Drugs. 2020 Jul 20. doi: 10.1007/s40265-020-01362-4. Online ahead of print.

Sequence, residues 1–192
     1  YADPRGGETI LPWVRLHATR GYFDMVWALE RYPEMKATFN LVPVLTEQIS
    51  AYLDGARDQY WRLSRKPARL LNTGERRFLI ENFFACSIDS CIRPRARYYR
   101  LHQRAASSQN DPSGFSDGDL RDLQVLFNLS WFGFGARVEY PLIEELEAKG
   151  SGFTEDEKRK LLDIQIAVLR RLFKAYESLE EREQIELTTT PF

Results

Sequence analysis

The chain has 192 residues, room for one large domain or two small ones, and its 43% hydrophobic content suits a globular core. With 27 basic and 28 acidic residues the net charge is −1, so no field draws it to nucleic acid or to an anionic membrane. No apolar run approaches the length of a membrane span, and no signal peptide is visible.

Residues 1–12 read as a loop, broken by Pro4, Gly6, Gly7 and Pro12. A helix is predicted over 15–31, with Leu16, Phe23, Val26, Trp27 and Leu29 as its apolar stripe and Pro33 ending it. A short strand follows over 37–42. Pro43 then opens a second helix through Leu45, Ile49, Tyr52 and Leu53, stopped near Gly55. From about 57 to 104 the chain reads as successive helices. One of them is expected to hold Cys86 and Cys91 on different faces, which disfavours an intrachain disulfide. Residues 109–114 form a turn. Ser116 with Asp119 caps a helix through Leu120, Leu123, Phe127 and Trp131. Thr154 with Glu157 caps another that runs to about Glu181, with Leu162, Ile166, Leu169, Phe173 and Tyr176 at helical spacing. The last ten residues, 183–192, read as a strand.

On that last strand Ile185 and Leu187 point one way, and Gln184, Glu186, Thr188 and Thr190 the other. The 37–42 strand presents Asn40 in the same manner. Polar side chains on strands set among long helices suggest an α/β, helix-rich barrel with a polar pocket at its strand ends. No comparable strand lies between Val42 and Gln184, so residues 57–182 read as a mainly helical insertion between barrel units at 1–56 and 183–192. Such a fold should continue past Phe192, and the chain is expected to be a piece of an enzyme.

Functional dyspepsia is a common functional gastrointestinal (GI) disorder of gastroduodenal origin, diagnosed clinically in the presence of prototypical symptoms of epigastric pain and meal-related symptoms, and without structural explanation. The most recent diagnostic criteria provide for two functional dyspepsia subtypes, epigastric pain syndrome (EPS) and post-prandial distress syndrome (PDS) based on the predominant symptom pattern. The evaluation of dyspepsia should keep laboratory, imaging, and invasive testing to a minimum, as extensive or repetitive investigations are of rather low diagnostic yield in the absence of localizing symptoms or alarm features. Factors with etiopathologic relationships to functional dyspepsia include micro-inflammation, GI infections, abnormalities of gastroduodenal motility, visceral hypersensitivity, disturbances along the brain-gut axis, and psychological factors; all of these causative mechanisms have potential to partially explain symptoms in some functional dyspepsia patients, thus providing a rationale for the efficacy of a diversity of therapeutic approaches to functional dyspepsia. Management of dyspepsia symptoms relies upon both pharmacologic treatments and non-pharmacologic approaches, including psychological and complementary interventions. The evidence in support of established functional dyspepsia therapies is reviewed, and forms the basis for an effective functional dyspepsia treatment strategy emphasizing the patient's current symptom severity, pattern, and impact on the function and quality of life of the individual.